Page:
• Closed-Loop System for Subsurface Contaminant Plume Monitoring [63]: The developed system aims to develop protocols and software that supported VSN and also a real time integrated subsurface chemical plume monitoring system. Authors introduce the proof-of-concept study, which presents a phenomena-aware clustering algorithm that creates the dynamic VSNs by selecting the nodes closest to the monitored phenomena, allowing the remaining nodes to sleep to save their batteries for other applications. By this algorithm, the data sent is relative to the monitored phenomena, which reduces the total data sent and saves the global energy consumption. However, for an accurate determination of the event location, the authors present another algorithm, called DRAGON, which specifies the triggered event location to start cluster formation and phenomena tracking from that location. The DRAGON algorithm is executed through three phases, as can be seen in Figure 25.
    The first phase is called summary phase, where there is the starting point of DRAGON algorithm, it computes the center and total of mass, and then distributes them to all clusters containing the event. The second and third phases are called Split and Merge, respectively, and they provide stability for the monitored event, if not they will split and merge it. The performance evaluation of closed-loop system was not discussed in that article.

3.2.2. HLV Using System Level Virtualization Solutions

This is the second branch of HLV that was applied over the whole network to controls different authorities of shared resources, it has two roles: the first one is controlling and managing different authorities for different federated WSNs, which are united to create a large federated VSN, and the second one is controlling and managing different authorities for resulting small scale VSNs, which are produced due to participation of a WSNs.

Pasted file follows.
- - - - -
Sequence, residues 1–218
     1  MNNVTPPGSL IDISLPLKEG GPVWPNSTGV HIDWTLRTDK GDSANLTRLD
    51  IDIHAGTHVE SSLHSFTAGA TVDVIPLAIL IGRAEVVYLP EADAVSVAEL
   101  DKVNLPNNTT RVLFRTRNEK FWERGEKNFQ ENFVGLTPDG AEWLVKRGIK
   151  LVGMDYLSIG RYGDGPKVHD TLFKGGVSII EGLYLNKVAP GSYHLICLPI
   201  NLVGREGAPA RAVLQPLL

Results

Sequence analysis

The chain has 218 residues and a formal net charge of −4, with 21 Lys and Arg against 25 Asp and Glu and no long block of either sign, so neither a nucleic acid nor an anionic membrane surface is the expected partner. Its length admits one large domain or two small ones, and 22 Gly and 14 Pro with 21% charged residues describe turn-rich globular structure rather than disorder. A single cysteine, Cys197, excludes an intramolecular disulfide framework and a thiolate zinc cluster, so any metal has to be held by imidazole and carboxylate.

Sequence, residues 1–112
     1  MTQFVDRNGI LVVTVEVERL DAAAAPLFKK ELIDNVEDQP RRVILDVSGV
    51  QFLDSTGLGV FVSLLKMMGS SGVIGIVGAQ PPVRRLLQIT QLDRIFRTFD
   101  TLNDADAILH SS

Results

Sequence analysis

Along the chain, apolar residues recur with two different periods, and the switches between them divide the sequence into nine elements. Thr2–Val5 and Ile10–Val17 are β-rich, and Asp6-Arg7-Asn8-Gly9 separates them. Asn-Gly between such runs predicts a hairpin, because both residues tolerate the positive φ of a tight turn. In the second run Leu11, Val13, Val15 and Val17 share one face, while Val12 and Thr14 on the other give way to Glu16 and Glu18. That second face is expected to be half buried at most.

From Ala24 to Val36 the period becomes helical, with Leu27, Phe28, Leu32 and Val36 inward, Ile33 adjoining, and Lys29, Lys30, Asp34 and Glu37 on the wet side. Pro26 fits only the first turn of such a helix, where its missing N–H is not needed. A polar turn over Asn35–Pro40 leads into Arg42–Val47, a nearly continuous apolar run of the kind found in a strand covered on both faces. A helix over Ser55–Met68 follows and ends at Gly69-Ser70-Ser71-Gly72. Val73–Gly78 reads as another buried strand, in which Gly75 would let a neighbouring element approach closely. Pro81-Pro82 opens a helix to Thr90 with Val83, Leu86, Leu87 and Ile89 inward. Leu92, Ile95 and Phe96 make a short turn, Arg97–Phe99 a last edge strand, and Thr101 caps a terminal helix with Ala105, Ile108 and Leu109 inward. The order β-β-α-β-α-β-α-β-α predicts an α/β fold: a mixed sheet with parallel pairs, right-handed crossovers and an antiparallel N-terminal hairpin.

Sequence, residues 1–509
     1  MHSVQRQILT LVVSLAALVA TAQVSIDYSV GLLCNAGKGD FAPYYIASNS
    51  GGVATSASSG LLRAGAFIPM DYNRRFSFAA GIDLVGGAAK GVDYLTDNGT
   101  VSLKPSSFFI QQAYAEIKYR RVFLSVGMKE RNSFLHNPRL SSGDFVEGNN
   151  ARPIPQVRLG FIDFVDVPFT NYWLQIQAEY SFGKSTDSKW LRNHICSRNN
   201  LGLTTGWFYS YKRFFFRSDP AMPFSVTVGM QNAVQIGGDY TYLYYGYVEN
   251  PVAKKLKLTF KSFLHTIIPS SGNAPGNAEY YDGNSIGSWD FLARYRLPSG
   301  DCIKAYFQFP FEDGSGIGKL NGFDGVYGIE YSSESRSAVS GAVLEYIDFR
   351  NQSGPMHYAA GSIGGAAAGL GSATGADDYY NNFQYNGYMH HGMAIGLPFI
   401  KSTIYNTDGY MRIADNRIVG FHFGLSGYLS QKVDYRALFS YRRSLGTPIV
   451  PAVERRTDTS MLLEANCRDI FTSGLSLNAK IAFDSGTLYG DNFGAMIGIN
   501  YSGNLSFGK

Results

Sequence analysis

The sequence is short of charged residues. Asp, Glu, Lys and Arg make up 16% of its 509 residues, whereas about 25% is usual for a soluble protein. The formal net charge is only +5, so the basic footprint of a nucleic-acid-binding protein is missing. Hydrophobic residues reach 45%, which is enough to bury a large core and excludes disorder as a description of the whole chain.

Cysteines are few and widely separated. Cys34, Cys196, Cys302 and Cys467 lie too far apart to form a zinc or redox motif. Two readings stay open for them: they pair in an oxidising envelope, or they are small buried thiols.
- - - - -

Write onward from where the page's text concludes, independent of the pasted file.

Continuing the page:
❖ System Level Virtualization based on Federation:
Federated SSNs occur when multiple WSNs from different administrative authorities are united into a single SSN. As shown in Figure 26a, they are usually connected through the internet. It provides a global administrative policy to manage and control the shared resources from different administrative authorities; it faces two major issues, the first is the need for a resource management mechanism that is responsible for describing, discovering, and reserving the allowing shared resources, the second is the need to provide a way for concurrent tasks allocation and scheduling. Finally, it requires authentication, authorization, and accounting (AAA) to control access to the SSN’s resources, enforcing policies, auditing usage, and providing the information that is necessary to bill for services. These combined processes are important in effective network management and security. This section will briefly present federated examples of SSNs.
  • Global Environment for Network Innovations (GENI): It is a federated virtual laboratory for networking and distributed systems research and education project. It introduces a novel suite of infrastructure designed to support experimental research in network’s science and engineering [64], starting from a new research on networks and distributed systems design to the theoretical underpinnings of network science, network policy and economics, societal values, and the dynamic interactions of the physical and social spheres with communications networks [65,66]. The U.S. National Science Foundation (NSF) funded GENI. It is composed of a broad set of heterogeneous resources, each owned and operated by different entities (called aggregate providers), as can be seen in Figure 27, by joining the GENI federation, these aggregate providers make their resources available to GENI experimenters, while still maintaining a degree of control and trust that these resources will be used in a responsible and secure manner. The federation of testbeds is based on the concept of testbed virtualization and virtual links between them.